Storm's Journal

There is no scarcity abiding in Nature. Any scarcity we see is our own doing.


this month's featured 'neat stuff' is on Flowforms.
discovered the one below in Dornach (Switzerland, Oct. 98):

What is a Flowform? John Wilkes (ARCA) from England, invented the Flowform in the early 1970's as a result of his artistic and geometrical research into nature, and especially into the natural forms fluids make. Creating a Flowform is a similar design process to making a good musical instrument. --| Ecology Design Research Institute (NZ) |---
By: Iain Trousdell

There are many types of Flowforms but the central concept is that it is a vessel which brings streaming water into a flowpattern similar to that of liquid in the heart. The shape of the sculpture brings the water to stream through a full figure-of-eight flowpath. This rhythmical pulse and flowpattern is created and maintained by the sculpture. Until recently, such a heartflow only occurred within living organisms, but Flowforms have made it openly visible for the first time. It is this that makes Flowforms quite unique. (Experimental water form - From: 'Sensitive Chaos', T. Schwenk) As well as being works of art, Flowforms are also used around the world in water treatment. They can be very effective in oxygenation, and in polishing water. The rhythmic intensification has been scientifically shown to increase water's capacity to support lifeforms. They are used internationally in agriculture and effluent treatment. As such, Flowforms can be seen as organs for the regeneration of water's natural power. ARTISTICALLY, Flowforms are dynamic, modern sculptures, receiving critical and public acclaim. TECHNOLOGICALLY, they are a breakthrough in the perception and treatment of water, which is much in need of support in our present world wide ecological crisis.

HYDROLOGY There is a branch of hydrology which studies the natural processes by which organic forms are created in watery mediums, showing us the secret world of creation in nature. We can set up sculptures which can be combinations of: works of art with water, sounds, light... water treatment technology. children's playgrounds. ecology education sites. Forms For Life can create with expert certainty every aspect of running water found in nature: - running and standing waves - smooth water falls and waterfalls - vortices and stream swirls - upstream eddies and currents - natural and man-made light and shadow play in the water - repeat rhythms of all of these inter-relating with each other - ripples and cross ripples - welling and bubbling - falling droplets and splash - pond and stream interactions - all the varied chuckling, gurgling, swishing sounds of water - the unique figure-of-eight pulsing flow pattern of the Flowform. We can maximise water flow patterns and sounds from even small flowrates, by creating sculptural surfaces for the water to play over. Or we can create massive waterflows in new exciting ways. There are unending variations and designs with which we can accentuate water's different aspects. --| Flowforms - Some Notes |----- Woody Wodraska Mon, 16 Dec 1996 18:13:30 EST Flowforms are sculpted vessels set up in cascades of 3 to 12 or more, through which water flows, from one to the next. The Flowforms' shape coaxes the water (which would otherwise flow along the axis of the cascade by gravity) into eddies and vortices, a pulsating figure of eight pattern in each form before it drops into the next--a mimicking of the action water undergoes in its natural undisturbed flow in, say, a mountain opposed to captive water in manmade channels or pipes. The action in a Flowform cascade is freeing, healing and enlivening to water that has been deadened by pollution or pumping. Flowforms take many sizes and shapes, with certain common characteristics: a smaller entry "bowl" which receives water from the source or the Flowform above, from which it flows into two larger basins where the figure of eight movement takes place, then an outlet through which the flow drops to the next Form. To give an idea of the size, you could probably almost encircle most Flowforms with your arms. The size and positioning of the entry bowl, its outlet, the larger basins and their outlet and the shaping of the surfaces over which the water flows is what does the "coaxing" referred to above. Flowforms are typically made in molds, of cast concrete/aggregate, after much design work in clay. They are used as indoor and outdoor landscape features; as a means of potentizing the Bio-Dynamic preparations (in the same way homeopathic preps are potentized); as a means of purifying and oxygenating water in water treatment and bio-remediation contexts, including constructed wetlands for sewage and dairy farm effluent ponds. The alternation between chaos (as the water enters the Flowform) and vortex is what does these jobs. -- A certain sense of aliveness can be sensed in the atmosphere surrounding flowforms. Their gentle swishing lend a grace and beauty to many settings. This makes them useful in therapeutic settings for disturbed children, in greenhouses, and meditative settings. They are a low-tech, high art, and Nature-friendly technology. References: - - California Flowforms - - You can order premade and custom built flowforms from: Flow Forms America - John Wilkes, in England, was the originator of Flowforms and his work is being carried on at the John Wilkes Flow Design Research Group (Emerson College, Forest Row, East Sussex, England RH18 5JX). - Jennifer Greene designs, makes, and distributes Flowforms in the U.S. from Water Research Institute (Rt. 177 P O Box 930, Blue Hill, ME 04614). - Work is also being done by the Ecological Design and Research Institute (the Flow Research Group), P O Box 1255 Hastings, Hawkes Bay, NZ.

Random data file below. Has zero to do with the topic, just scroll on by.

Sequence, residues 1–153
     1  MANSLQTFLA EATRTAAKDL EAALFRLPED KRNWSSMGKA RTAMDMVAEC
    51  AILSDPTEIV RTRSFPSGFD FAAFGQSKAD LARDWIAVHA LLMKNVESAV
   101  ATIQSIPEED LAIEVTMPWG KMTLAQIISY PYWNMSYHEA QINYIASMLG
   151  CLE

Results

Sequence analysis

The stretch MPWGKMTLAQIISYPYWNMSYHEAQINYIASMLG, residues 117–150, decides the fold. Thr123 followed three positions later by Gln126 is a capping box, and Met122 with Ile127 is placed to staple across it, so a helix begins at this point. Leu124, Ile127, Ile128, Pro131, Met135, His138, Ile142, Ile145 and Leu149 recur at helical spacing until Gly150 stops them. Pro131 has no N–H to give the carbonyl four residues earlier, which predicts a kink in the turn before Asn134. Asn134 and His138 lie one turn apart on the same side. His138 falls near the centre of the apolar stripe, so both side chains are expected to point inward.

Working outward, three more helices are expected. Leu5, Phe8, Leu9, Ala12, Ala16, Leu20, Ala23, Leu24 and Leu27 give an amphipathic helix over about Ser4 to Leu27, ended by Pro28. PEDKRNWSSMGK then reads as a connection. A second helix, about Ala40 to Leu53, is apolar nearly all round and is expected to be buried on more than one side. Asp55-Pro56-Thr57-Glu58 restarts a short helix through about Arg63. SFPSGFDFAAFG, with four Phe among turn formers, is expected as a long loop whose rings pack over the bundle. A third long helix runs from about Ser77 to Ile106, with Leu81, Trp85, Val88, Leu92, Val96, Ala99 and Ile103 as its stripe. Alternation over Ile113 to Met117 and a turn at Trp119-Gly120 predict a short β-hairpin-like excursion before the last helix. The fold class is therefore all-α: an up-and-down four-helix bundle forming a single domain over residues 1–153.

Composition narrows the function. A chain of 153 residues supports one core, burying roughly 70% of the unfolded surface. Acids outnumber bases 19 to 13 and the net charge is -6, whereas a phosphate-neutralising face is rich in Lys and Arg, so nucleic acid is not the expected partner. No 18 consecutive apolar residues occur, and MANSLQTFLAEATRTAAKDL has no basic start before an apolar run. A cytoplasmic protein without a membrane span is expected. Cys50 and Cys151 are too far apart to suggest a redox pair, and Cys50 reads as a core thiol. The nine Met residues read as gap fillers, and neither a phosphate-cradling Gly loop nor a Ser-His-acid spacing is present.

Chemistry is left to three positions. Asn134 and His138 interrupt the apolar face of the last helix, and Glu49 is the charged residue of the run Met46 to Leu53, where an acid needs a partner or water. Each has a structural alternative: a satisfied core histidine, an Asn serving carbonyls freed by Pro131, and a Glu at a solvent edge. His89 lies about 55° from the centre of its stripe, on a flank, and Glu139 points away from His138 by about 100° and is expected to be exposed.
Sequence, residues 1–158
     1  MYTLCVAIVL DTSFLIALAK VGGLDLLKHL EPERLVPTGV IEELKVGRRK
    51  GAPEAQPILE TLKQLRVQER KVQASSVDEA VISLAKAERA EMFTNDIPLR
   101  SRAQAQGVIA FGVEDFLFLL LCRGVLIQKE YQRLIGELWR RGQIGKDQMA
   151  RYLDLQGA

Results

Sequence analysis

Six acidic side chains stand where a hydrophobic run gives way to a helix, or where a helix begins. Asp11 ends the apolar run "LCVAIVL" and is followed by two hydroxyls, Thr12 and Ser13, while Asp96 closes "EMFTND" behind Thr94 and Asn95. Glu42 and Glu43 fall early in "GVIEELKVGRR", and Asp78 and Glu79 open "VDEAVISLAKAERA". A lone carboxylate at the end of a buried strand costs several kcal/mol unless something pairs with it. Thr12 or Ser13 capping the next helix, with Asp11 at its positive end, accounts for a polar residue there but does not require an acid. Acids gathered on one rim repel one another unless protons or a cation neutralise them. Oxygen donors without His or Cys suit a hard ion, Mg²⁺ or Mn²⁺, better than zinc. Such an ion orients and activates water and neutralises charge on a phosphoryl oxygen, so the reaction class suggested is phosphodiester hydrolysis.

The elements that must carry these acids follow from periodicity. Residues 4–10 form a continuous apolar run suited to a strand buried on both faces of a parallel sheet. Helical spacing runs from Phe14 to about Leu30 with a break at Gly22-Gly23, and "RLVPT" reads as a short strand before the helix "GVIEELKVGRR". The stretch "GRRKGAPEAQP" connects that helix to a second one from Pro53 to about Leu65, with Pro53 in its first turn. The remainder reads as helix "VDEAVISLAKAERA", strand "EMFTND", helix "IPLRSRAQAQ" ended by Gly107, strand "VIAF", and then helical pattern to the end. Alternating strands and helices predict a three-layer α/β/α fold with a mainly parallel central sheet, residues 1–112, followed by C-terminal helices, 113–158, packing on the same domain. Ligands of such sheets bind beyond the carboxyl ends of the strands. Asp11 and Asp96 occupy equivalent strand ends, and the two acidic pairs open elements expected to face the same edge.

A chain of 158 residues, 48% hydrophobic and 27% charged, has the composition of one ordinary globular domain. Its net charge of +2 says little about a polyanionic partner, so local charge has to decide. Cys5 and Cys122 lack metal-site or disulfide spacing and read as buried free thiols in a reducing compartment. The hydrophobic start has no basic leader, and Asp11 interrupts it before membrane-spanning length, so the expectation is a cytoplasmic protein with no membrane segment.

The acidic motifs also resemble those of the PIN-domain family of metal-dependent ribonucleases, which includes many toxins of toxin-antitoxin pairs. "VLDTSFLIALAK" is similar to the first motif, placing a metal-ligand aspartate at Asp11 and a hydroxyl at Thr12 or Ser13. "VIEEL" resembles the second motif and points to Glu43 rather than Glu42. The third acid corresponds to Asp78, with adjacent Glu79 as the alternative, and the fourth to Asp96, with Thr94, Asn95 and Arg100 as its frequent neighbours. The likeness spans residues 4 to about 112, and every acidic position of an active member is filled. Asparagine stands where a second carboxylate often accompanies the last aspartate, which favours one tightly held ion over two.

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SUBMIT AN ARTICLE posted: february 2, 1999 updated: october 1, 2010